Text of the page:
Brooklyn Nets Season Preview: 5 Things to Watch For

The Nets have new faces as they seek to build on last season's playoff trip

The Brooklyn Nets enter a highly anticipated season with a brand-new look. The 2018-19 squad made a 14-win improvement to finish 42-40 and return to the playoffs for the first time since 2015. Brooklyn then swung big in the offseason, ensuring that the next step will have to be taken by a different crew.

Kyrie Irving, DeAndre Jordan, and Taurean Prince are among the newcomers joining five rotation returnees. Kevin Durant is on deck as he rehabs, but is not expected back this season. The Nets had a fairly consistent rotation group the last two seasons, as their top eight players in minutes played were the same in 2017-18 and 2018-19, with some shuffling in the order.

How will the new-look Nets coalesce with new arrivals playing major roles? Here are a few things to watch for as they get underway:


The Nets started four different players at this spot last season and only one returns, Rodions Kurucs. As a 20-year-old rookie, Kurucs played his way into the rotation with explosive and energetic play. Ideally, the Nets would like more consistent perimeter shooting at the position then they got from Kurucs last season, when he shot a streaky 31.5 percent. Hence the addition of Taurean Prince, who has shot 38.7 percent from 3-point range over the last two years. The 6-7, 218-pound Prince matches the surface profile of DeMarre Carroll, whom the Nets used at both forward positions, but tried not to lean on too heavily at the 4. But after his sharpshooting preseason performance, Prince seems ticketed for major minutes at the 4, likely as the starter. After Prince and Kurucs, there’s veteran Wilson Chandler, but he’s suspended for the first 25 games for failing a PED test. Not to leave anybody out, Atkinson has mentioned the defensive presence of 6-foot-5 swingman David Nwaba as a possibility here, and then there’s two-way man Henry Ellenson, rookie Nic Claxton, and possibly even Kurucs’ fellow second-year man Dzanan Musa.


The Nets are waiting on Kevin Durant, and D’Angelo Russell is gone, so that leaves Kyrie Irving at the front of the line. While Russell was fifth in the league in usage last season at 31.1, Irving was 19th at 28.6. Aside from Durant, Spencer Dinwiddie (54th, 24.2) was the next highest ranked player on this year’s roster.

So Irving will open the season as Brooklyn’s leading man, coming off an All-NBA Second Team season, his second career all-league selection. An NBA champion with the Cavaliers in 2016, Irving averaged 23.8 points and a career-high 6.9 assists last season. Whether its isolations or pick-and-rolls, drives or 3-pointers, Irving isn’t among the top handful of players in the league in the frequency of any particular playtype; it’s the fullness of his game that makes him one of the league’s most dangerous offensive players.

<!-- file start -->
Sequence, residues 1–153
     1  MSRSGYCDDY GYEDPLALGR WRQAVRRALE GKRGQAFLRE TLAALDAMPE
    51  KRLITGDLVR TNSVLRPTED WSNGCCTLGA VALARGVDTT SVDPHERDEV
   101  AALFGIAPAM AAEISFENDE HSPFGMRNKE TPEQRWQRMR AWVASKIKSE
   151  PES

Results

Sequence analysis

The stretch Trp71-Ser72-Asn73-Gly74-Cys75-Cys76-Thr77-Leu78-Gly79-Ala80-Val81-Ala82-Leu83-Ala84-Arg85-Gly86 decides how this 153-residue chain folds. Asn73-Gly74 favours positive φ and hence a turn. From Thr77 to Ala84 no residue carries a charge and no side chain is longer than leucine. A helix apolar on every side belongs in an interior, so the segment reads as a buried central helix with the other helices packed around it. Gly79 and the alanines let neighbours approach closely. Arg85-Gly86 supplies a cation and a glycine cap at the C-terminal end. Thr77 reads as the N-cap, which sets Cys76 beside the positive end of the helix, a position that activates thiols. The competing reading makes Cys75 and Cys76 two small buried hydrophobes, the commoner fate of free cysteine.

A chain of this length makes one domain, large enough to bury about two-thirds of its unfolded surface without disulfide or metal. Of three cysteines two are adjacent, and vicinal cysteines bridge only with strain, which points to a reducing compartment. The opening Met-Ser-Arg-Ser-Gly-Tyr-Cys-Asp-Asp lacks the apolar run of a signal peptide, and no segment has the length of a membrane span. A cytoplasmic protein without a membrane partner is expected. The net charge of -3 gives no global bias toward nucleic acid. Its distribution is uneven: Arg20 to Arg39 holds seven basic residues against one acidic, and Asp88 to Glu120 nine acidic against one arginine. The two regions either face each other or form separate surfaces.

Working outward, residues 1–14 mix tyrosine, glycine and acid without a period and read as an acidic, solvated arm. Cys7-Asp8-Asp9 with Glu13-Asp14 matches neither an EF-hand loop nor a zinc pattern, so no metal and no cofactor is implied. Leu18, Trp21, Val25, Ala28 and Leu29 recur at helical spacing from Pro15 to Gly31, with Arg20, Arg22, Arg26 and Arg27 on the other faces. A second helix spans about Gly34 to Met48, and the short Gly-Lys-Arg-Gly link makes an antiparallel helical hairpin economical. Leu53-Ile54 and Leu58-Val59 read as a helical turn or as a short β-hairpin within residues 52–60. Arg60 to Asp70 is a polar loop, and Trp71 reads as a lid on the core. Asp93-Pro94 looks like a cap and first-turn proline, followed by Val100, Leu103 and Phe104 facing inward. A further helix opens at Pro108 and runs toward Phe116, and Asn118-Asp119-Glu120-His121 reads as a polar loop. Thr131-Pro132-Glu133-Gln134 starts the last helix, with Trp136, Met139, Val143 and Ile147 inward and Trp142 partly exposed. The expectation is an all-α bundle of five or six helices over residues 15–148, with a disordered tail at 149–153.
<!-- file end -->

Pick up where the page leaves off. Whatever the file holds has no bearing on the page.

Kyrie Irving, Caris LeVert and Spencer Dinwiddie are here at the front of the guard rotation. Who else, if anybody, will be in that mix, and how will they be used? The Nets have added Garrett Temple and David Nwaba. Theo Pinson has been elevated from a two-way contract and Dzanan Musa enters year two after spending most of his time as a rookie with Pinson on Long Island. Roughly speaking, you could just play Irving, LeVert and Dinwiddie 30 minutes each and cover the two guard spots on most nights. But it’s a long season, and you have to expect Kenny Atkinson would like to be able to go deeper here and find consistent performance.


Caris LeVert was speeding toward a breakout season in 2018-19 before his frightening fall in Minnesota on Nov. 12. The injury defied the optics, with LeVert avoiding surgery and returning after three months. By playoff time, he was back in the form that turned heads in the season’s first six weeks.

LeVert at that level for a full six months elevates the team’s upside in a huge way. Perhaps the most remarkable thing about last season’s 42-40 record is the Nets did it with LeVert sidelined for so long. Teammates and coaches spent the 2018 training camp raving about LeVert’s play and predicting a breakout season. That’s what he was on course for before the injury. Expect him to fulfill those predictions in 2019-20.


DeAndre Jordan is here and Rondae Hollis-Jefferson is gone, so this could mean the end of the extreme small-ball lineups that the Nets would occasionally utilize, particularly working from a second-half deficit. Expect Jordan to see more than Ed Davis’ 17.9 minutes per game, and with Jarrett Allen averaging 26.2 minutes per game last season, that would generally fill up the center minutes.

Brooklyn’s version of small ball this season could be some guard-heavy lineups that slide Joe Harris to the 4, a lineup that saw some infrequent usage a year ago, or rugged defender David Nwaba at the spot.

Catch the Brooklyn Nets this Season


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